States and municipalities have long evaluated the impact that large retail development projects may have on such things as traffic and the environment. Some are now adopting policies that require that the economic and fiscal impact of these developments be considered as well.(Economic impacts include the effect on local businesses, jobs, and wages. Fiscal impact refers to the impact on tax revenue and government costs.)
These policies usually have two key components:
- They require that an independent study of the economic and fiscal impact of the retail development be conducted by a qualified analyst selected by the municipality (or other reviewing authority) and paid by a fee assessed to the developer.
- They establish a standard (or multiple standards) that the project must meet in order to be approved. The policy may say, for example, that the planning board (or city council or regional planning commission) may approve the development only if it concludes, based on the data provided by the study and other evidence submitted, that the project will not have an undue adverse impact or that the benefits of the development will outweigh the costs.
Typically, these reviews are triggered when the proposed development exceeds a certain size. For example, the law may apply to all projects involving retail stores larger than 10,000 square feet or those that will generate more than 500 vehicle trips per day.
Most of these laws spell out the types of impacts that the study must analyze and that officials must consider in determining whether to grant approval. The list may include such things as the impact that the development will have on existing businesses, the vitality of the downtown, employment (jobs gained versus jobs lost), wages, tax revenue, and municipal costs. Some laws also include community impacts, such historic and scenic resources, and environmental impacts.
The advantage of an independent study is that it ensures that the city (or regional planning board) has objective information about the economic impacts of the project. In the absence of such a study, the only information that local officials are likely to have are the rosy, and often misleading, job and tax revenue projections provided by the developer.
To learn more about how these studies are conducted see A Guide to Retail Impact Studies. We’ve also posted below some examples of actual impact studies of large-scale retail proposals conducted by various communities.
Most of these policies also stipulate that a public hearing must be held in order to give citizens an opportunity to testify on the findings of the study and to submit additional evidence regarding the impacts of the proposed development.
Below are examples of local, regional, and statewide economic impact review laws. Local policies are those enacted by cities and towns. We include several examples below. Reviews conducted under these laws generally only consider the impact of the project on the local community.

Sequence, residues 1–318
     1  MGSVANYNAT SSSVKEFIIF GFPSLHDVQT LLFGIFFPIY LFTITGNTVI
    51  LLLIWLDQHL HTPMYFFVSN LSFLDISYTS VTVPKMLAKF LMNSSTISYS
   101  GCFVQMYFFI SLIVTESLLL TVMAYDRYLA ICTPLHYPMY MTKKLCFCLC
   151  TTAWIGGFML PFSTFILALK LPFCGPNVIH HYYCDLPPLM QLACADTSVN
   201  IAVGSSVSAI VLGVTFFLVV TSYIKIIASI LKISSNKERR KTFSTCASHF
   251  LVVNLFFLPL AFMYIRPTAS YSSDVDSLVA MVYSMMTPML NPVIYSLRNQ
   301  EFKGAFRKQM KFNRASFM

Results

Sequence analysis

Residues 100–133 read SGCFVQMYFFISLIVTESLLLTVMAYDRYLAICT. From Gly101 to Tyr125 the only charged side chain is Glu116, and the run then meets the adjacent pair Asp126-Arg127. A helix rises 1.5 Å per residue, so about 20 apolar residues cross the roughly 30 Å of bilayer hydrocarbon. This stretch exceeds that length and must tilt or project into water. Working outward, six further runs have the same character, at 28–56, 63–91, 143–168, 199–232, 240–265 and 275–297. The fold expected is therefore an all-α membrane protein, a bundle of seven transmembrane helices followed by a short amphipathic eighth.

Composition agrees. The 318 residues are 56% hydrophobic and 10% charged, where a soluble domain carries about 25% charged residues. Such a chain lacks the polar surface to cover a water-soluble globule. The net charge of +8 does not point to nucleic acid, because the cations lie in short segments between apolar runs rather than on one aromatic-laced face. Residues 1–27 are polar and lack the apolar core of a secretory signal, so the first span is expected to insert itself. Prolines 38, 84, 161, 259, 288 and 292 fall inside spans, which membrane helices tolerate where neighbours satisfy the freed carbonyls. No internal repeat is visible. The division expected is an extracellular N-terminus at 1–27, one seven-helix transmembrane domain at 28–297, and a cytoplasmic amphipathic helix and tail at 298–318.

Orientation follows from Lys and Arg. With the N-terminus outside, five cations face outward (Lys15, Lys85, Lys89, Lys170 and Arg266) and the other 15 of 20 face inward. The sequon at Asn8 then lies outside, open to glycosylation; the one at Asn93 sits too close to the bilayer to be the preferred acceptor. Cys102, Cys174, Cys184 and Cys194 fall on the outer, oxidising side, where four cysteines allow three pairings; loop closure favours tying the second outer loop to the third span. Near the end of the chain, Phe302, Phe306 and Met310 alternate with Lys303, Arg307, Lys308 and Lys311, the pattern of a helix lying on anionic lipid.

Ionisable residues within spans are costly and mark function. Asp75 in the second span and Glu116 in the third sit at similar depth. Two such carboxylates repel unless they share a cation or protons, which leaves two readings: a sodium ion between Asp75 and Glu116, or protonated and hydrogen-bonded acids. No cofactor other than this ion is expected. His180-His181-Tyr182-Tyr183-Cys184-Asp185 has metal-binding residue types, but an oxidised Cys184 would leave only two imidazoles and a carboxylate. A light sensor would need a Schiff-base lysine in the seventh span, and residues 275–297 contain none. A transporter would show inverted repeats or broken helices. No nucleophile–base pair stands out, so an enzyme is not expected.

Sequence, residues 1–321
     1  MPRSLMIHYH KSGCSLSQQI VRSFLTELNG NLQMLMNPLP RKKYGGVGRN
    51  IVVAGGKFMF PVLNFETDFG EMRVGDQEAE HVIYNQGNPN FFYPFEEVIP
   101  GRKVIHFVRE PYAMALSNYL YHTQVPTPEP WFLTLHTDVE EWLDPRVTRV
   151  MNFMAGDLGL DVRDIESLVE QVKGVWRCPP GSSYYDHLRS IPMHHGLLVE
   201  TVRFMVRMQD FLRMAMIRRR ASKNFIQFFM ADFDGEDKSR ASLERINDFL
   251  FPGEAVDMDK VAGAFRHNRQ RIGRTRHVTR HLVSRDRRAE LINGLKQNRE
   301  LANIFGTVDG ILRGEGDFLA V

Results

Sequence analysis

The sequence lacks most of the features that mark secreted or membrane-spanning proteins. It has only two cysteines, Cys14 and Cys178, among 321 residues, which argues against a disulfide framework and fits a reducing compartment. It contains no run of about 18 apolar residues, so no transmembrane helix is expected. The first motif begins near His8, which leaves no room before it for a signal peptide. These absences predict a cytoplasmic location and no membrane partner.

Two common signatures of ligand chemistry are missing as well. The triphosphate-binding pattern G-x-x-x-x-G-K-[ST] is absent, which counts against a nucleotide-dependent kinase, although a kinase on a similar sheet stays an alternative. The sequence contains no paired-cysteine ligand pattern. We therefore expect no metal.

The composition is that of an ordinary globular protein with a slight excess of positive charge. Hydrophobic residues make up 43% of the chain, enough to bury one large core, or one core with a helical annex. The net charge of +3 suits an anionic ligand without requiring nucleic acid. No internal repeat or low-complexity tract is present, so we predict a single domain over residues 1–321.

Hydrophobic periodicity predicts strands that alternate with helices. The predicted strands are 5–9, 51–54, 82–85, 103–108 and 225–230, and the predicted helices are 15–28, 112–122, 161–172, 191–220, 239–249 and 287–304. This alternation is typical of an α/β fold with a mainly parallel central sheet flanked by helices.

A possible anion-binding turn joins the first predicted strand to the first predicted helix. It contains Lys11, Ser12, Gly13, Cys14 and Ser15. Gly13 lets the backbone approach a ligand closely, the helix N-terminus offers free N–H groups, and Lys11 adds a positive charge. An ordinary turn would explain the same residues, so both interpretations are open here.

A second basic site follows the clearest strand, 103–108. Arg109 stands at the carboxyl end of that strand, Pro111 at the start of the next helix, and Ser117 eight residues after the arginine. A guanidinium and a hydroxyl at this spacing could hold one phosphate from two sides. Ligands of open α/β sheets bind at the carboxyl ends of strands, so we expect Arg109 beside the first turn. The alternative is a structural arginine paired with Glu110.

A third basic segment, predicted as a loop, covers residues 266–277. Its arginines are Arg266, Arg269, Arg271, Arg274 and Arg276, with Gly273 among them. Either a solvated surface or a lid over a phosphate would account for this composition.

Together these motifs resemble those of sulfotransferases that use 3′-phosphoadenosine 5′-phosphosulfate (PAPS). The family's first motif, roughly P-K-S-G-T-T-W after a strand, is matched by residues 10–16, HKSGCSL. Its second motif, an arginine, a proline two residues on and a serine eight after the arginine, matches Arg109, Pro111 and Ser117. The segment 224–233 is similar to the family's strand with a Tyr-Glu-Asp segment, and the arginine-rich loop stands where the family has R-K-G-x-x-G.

Large retail developments often have impacts that are felt far beyond the borders of the city in which they are located, however. In most of the country, there is no process for evaluating the regionwide costs and benefits of large-scale retail construction. Authority to approve or deny a development rests entirely with the host town, and any costs that fall on adjacent communities, such as loss of businesses and higher road maintenance costs, are generally not considered.
To remedy this, neighboring communities in a handful of regions have worked together to enact regional policies. A good example is the Cape Cod Commission, established in 1990 by the fourteen towns that make up Cape Cod, Massachusetts. Composed of representatives of each of the towns, the commission is charged with reviewing all development projects that are large enough to impact multiple towns. The commission’s review of these projects is in addition to any review and permitting required by the host municipality.
A significant advantage of implementing a regional approach is that it ensures that towns will not feel pressure to approve a harmful project out of fear that, if they reject it, the development will simply locate in a adjacent town, generating many of the same impacts but without any local tax revenue or oversight. Regional cooperation offers a solution to this problem.
Some states have considered policies that make economic and fiscal impact studies mandatory for large-scale development proposed anywhere in the state (but the decision on whether to approve the store remains in the hands of the municipality).
Another approach, taken by Vermont, is to establish regional planning boards throughout the state that review and decide whether to approve large developments. These boards are composed of representatives from all of the towns in each region.
- Here’s One Smart Way to Handle Big-Box Stores — by Stacy Mitchell, Grist, July 1, 2013
- A Guide to Retail Impact Studies
This guidebook is designed to give municipal officials and citizens an understanding of how economic and fiscal impact studies of large-scale retail projects are conducted and what types of data they provide.
- Examples of impact studies: Walmart Neighborhood Market in South Seattle (2012); Walmart in St Albans, VT (2009); Walmart expansion to supercenter in Gunnison, CO (2005); Target/Lowe’s anchored project in Biddeford, Maine (2004); Walmart in Northern Neck, VA (1999).
- Impact of Big-Box Stores
Our library of key studies on the impact of big-box stores.
- Protecting Locally Owned Retail: Planning Tools for Curbing Chains and Nurturing Homegrown Businesses
by Stacy Mitchell, Main Street News, February 2004.